Ceylon; an Account of the Island Physical, Historical, and eBook

James Emerson Tennent
This eBook from the Gutenberg Project consists of approximately 712 pages of information about Ceylon; an Account of the Island Physical, Historical, and.

[Greek: 

  “Metera Taprobanen Asiegeneon elephanton.”]

  DIONYSIUS PERIEGETES, v. 593.

Cosmas observes upon the smallness of their tusks compared with those of Africa, and mentions the strange fact, that ivory was then exported from Ethiopia to India, as well as to Persia and the countries of Europe.  He makes other allusions to Ceylon, but the passages extracted above, present the bulk of his information concerning the island.[1]

[Footnote 1:  The above translation has been made from THEVENOT’s version of Cosmas, which may differ slightly from that of MONTFAUCON, Collect.  Nov.  Patrum. Paris, 1706, vol. ii. p.]

NOTE (A).

Knowledge of Ceylon possessed by the Phoenicians.

In the previous chapter, p. 526, &c., allusion has been made to the possible resort of the Phoenicians to Ceylon in the course of their voyages to India, but I have not thought it expedient to embody in the text any notice of the description of the island which is given in the Phoenician History of SANCHONIATHON, published by Wagenfeld, at Bremen, in 1837, under the title of “Sanchuniathonis Historiarum Phoeniciae Libri Novem Groece Versos a Philone Byblio, edidit Latinaque Versione donavit F. WAGENFELD.”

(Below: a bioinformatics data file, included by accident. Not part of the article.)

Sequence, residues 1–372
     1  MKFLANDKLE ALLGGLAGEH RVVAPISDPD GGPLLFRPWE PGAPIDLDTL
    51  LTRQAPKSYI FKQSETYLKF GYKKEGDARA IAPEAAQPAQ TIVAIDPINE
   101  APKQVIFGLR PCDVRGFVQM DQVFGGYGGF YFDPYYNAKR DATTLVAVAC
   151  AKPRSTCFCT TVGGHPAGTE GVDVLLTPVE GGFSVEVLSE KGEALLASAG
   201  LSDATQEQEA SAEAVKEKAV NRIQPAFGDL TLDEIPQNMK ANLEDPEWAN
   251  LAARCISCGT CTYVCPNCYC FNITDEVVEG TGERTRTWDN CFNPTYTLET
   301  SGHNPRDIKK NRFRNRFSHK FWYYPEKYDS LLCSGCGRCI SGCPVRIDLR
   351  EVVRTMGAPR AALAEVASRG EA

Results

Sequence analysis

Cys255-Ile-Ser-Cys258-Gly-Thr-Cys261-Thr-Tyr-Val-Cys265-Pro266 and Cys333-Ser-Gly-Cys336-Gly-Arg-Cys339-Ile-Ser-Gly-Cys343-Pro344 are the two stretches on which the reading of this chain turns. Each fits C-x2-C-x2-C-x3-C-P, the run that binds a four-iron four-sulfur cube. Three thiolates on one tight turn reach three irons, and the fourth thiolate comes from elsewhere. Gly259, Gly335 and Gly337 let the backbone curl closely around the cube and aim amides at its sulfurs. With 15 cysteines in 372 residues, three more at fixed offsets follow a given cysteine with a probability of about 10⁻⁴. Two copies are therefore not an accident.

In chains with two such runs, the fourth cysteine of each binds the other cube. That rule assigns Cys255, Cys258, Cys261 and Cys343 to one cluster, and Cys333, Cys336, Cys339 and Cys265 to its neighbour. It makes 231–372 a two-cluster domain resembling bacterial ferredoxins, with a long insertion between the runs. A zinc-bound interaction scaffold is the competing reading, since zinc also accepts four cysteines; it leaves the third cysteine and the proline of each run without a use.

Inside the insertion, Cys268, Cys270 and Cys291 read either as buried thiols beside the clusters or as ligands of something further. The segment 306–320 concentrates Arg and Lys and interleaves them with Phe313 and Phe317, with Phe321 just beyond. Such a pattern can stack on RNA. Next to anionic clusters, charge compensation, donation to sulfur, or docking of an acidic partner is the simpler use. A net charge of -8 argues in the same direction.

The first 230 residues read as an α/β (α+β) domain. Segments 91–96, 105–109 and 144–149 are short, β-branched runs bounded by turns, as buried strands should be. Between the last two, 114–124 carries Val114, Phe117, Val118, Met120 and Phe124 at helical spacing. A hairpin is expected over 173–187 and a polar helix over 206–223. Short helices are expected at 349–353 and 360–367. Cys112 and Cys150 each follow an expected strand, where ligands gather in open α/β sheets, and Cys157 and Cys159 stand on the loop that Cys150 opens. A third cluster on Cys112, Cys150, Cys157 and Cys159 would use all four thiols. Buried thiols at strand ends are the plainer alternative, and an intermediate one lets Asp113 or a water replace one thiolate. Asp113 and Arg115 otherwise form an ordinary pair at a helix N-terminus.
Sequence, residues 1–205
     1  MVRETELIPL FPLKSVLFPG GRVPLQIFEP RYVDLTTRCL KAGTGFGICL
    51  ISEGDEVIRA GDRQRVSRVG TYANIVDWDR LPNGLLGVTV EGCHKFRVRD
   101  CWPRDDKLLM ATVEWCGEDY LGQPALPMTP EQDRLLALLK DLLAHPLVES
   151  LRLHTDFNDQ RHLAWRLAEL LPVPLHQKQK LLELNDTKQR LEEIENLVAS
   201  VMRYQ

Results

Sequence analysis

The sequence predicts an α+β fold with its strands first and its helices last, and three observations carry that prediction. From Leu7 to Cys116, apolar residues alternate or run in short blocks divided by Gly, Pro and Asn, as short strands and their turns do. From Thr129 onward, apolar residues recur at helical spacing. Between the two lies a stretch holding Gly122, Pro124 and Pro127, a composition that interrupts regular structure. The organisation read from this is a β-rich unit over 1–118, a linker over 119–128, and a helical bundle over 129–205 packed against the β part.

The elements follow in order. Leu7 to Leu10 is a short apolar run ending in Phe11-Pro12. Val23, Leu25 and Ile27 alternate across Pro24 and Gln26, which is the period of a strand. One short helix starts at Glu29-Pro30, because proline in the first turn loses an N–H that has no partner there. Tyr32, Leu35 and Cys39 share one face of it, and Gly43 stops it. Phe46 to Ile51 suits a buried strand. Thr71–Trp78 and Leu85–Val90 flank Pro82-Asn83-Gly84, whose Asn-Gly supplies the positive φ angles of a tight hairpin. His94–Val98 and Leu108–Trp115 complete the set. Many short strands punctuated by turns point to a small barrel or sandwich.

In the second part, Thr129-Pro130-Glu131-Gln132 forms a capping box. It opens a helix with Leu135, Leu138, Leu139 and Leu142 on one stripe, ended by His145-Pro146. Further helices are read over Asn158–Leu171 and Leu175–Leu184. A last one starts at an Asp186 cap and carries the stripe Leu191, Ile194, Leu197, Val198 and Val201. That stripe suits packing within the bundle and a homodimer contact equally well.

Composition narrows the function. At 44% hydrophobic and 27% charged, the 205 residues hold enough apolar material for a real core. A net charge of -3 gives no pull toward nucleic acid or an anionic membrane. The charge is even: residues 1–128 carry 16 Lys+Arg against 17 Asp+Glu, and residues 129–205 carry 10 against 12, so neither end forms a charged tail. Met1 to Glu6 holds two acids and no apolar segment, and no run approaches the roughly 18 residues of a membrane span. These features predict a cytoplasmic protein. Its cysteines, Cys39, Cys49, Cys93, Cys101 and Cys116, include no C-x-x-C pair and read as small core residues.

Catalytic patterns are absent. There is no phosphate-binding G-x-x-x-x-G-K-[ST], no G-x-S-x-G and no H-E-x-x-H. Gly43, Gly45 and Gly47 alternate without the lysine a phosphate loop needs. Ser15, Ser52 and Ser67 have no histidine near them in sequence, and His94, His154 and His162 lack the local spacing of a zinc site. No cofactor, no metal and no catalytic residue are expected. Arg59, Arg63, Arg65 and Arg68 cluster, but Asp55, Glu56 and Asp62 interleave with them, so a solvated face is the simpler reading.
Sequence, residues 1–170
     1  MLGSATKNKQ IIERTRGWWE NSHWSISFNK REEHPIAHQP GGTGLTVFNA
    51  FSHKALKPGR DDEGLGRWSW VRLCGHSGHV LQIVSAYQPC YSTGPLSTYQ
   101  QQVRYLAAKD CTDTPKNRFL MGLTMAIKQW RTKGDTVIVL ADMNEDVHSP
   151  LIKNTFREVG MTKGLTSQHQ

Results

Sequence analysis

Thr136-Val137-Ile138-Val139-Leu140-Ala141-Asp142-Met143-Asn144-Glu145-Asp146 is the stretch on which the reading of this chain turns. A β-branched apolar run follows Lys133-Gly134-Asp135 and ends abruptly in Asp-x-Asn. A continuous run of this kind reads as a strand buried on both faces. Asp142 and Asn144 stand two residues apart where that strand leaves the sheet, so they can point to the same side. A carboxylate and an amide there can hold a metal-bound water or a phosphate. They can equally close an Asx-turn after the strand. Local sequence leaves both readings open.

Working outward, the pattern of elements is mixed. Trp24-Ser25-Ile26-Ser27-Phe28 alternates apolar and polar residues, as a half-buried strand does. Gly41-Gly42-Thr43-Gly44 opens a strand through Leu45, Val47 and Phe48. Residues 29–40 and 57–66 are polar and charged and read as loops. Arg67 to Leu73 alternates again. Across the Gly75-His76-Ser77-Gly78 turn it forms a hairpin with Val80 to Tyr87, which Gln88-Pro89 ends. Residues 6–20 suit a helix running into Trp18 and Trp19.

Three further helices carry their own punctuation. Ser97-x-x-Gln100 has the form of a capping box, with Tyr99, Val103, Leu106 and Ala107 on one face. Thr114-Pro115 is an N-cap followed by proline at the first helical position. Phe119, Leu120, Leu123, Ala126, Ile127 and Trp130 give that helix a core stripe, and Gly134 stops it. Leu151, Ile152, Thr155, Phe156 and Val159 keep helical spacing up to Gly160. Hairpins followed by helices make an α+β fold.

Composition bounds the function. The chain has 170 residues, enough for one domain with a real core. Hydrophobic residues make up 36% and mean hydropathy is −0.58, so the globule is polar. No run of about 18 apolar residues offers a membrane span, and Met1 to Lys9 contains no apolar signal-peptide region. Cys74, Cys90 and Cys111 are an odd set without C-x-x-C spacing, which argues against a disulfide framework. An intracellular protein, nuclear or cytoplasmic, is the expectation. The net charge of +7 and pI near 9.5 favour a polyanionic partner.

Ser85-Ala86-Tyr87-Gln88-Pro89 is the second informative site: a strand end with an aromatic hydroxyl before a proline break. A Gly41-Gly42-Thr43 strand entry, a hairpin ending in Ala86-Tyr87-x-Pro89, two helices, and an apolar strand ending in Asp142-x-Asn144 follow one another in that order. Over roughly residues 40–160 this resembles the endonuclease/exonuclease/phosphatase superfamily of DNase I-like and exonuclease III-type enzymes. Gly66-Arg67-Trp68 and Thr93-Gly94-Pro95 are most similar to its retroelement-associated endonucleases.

Sanchoniathon is alleged to have lived before the Trojan war; and in Asiatic chronology he is said to have been a contemporary of Semiramis.  The Phoenician original perished; but its contents were preserved in the Greek translation of Philo, a native of Byblus, a frontier town of Phoenicia, who wrote in the first century after Christ, and till the alleged discovery of the MS. from which Wagenfeld professed to publish, the only portion of Philo’s version known to exist consisted of fragments preserved by Eusebius and Porphyry.  Wagenfeld’s statement was, that the MS. in his possession had been obtained from the Portuguese monastery of St. Maria de Merinhao (the existence of which there is reason to doubt), and the portion which he first ventured to print appeared with a preface by Grotefend.  Its genuineness was instantly impugned; a learned and protracted controversy arose; and though Wagenfeld eventually published the whole of the Greek MS., with a Latin version by himself, he was never prevailed upon to exhibit the original parchments, alleging that he had been compelled to restore them to the convent.  The assailants of Wagenfeld accuse him of wilful deception; but the probability is that the document which he translated is one of those inventions of the Middle Ages, in which history and geography were strangely confounded with imagination and romance; and that it is an attempt to restore the lost books of Philo Byblius, as Philo himself is more than suspected to have invented the history which he professed to have translated from Sanchoniathon. (See ERSCH and GRUEBER’S Encyclopaedia, 1847; MOEVER’S Phoenician History, vol. i. p. 117.)

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